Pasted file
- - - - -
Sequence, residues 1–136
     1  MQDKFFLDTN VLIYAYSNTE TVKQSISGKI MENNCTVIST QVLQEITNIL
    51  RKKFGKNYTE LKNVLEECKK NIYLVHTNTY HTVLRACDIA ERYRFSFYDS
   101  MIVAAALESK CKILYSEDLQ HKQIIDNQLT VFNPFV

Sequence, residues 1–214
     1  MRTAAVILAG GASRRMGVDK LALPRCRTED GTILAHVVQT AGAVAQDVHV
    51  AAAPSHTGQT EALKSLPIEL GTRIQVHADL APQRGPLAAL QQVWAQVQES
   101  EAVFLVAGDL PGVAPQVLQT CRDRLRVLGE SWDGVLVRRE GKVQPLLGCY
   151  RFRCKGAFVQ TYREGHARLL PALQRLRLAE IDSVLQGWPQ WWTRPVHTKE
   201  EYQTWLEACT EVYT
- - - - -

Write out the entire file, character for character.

Sequence, residues 1–136
     1  MQDKFFLDTN VLIYAYSNTE TVKQSISGKI MENNCTVIST QVLQEITNIL
    51  RKKFGKNYTE LKNVLEECKK NIYLVHTNTY HTVLRACDIA ERYRFSFYDS
   101  MIVAAALESK CKILYSEDLQ HKQIIDNQLT VFNPFV

Sequence, residues 1–214
     1  MRTAAVILAG GASRRMGVDK LALPRCRTED GTILAHVVQT AGAVAQDVHV
    51  AAAPSHTGQT EALKSLPIEL GTRIQVHADL APQRGPLAAL QQVWAQVQES
   101  EAVFLVAGDL PGVAPQVLQT CRDRLRVLGE SWDGVLVRRE GKVQPLLGCY
   151  RFRCKGAFVQ TYREGHARLL PALQRLRLAE IDSVLQGWPQ WWTRPVHTKE
   201  EYQTWLEACT EVYT